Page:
"Asymmetric warfare is another type of war; war by guerrillas, subversives, insurgents, and assassins; war by ambush instead of by combat; by infiltration instead of aggression seeking victory be eroding and exhausting the enemy instead of engaging him. It preys on economic unrest and ethnic conflict. It is population-centric – the population being the ultimate key to victory for both sides of the conflict. It requires new and different strategies, different sorts of forces and different types of military training.
Battle For Hurungwe is a formidable and detailed account of the nature of the asymmetric war in Rhodesia from 1965 to 1979. It is both a detailed diary of events during the period and an object lesson in the development of strategies to deal with this new form of warfare. It reinforces the absolute requirement to bring the local population onside at a time when much of it feels that their country has forsaken it. It portrays the irony of the country being defended by those who owe it the least. It highlights the imperative for politicians and their security forces to sing from the same song sheet and reveals what the human cost can be when they do not.
With his arrival to take over his command in the Tribal Trust Land of Hurungwe, the author was able to bring all his hard-won experience and his comprehensive understanding of the type of operations which would be successful, to running the campaign in this strange, asymmetric warfare environment. Had his techniques and approach been accepted and used more widely, the outcome of the unwinnable war might have been different. It is a remarkable, accurate and historical narrative which all students of conflict would benefit from studying."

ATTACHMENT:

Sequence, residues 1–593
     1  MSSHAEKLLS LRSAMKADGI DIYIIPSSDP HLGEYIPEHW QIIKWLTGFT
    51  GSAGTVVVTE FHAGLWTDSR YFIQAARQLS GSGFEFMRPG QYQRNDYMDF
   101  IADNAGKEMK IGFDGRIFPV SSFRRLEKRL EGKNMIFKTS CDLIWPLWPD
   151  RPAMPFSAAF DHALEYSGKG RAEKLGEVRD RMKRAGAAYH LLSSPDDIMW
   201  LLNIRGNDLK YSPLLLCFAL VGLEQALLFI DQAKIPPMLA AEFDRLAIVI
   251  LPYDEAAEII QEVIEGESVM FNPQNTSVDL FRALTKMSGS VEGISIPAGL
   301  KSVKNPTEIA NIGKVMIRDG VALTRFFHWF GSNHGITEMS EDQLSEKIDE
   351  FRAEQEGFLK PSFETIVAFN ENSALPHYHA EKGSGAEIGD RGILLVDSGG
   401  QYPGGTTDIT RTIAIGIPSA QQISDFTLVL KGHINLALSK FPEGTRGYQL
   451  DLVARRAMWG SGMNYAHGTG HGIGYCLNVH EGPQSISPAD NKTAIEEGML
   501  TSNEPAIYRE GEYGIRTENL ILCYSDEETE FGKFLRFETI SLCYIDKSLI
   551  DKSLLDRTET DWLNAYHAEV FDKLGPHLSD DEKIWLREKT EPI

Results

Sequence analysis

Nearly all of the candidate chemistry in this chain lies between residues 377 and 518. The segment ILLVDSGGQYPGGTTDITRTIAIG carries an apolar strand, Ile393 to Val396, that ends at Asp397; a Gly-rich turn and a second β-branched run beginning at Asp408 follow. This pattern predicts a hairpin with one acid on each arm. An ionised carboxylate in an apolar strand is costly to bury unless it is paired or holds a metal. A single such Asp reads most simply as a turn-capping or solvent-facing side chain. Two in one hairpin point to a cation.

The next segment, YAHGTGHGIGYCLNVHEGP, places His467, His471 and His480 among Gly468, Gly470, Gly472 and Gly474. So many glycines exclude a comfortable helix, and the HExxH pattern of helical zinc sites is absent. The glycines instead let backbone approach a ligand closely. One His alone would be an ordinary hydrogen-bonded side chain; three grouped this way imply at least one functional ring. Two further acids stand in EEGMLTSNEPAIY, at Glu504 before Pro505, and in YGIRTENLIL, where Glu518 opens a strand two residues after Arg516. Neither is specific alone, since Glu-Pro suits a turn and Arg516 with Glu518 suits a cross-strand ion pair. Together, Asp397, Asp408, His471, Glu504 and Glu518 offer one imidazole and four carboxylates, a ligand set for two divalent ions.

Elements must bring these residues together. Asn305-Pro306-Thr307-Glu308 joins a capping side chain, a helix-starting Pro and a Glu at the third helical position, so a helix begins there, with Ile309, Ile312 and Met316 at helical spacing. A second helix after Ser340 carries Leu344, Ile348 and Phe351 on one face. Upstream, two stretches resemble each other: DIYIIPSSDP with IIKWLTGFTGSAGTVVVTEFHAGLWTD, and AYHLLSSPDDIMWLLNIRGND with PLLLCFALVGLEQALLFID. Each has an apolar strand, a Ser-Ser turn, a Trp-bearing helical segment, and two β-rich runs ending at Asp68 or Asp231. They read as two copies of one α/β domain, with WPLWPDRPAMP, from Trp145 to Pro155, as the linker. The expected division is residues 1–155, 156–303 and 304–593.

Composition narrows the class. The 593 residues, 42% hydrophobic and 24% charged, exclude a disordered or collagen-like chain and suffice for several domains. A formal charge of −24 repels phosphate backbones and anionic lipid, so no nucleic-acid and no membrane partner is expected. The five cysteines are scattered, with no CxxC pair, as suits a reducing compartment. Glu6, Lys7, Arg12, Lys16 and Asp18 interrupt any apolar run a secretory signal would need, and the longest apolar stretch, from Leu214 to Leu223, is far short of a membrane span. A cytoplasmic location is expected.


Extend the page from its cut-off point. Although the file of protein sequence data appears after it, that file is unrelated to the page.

Field Marshal the Lord Michael John Dawson Walker of Aldringham, GCB, CMG, CBE, DL, was born in Southern Rhodesia (7 July 1944). His father, William Hampden Dawson Walker, was a Senior Assistant Commissioner (3088) in the British South Africa Police (29/3/1929 -3/8/1957). Michael Walker was educated at Milton School, Bulawayo, and then Woodhouse Grove School, West Yorkshire. After a brief period of teaching, he attended the Royal Military Academy, Sandhurst and was commissioned into the Royal Anglian Regiment as second lieutenant on 29 July 1966.
He served in Cyprus, Gibraltar, Northern Ireland and Germany before taking command of the 2nd Infantry Division. Lord Walker’s other previous roles for the Ministry of Defence include:
Chief of the Defence Staff (head of all British Armed Forces), a post he held for 3 years before retiring and receiving a life peerage in 2006.
Chief of the General Staff (the professional head of the British Army)
Commander in Chief, Land Command
Commander of NATO’s Allied Rapid Reaction Corps
Assistant Chief of the General Staff
Patron of the British South Africa Police Trust.
Field Marshal the Lord Walker of Aldringham GCB, CMG, CBE, DL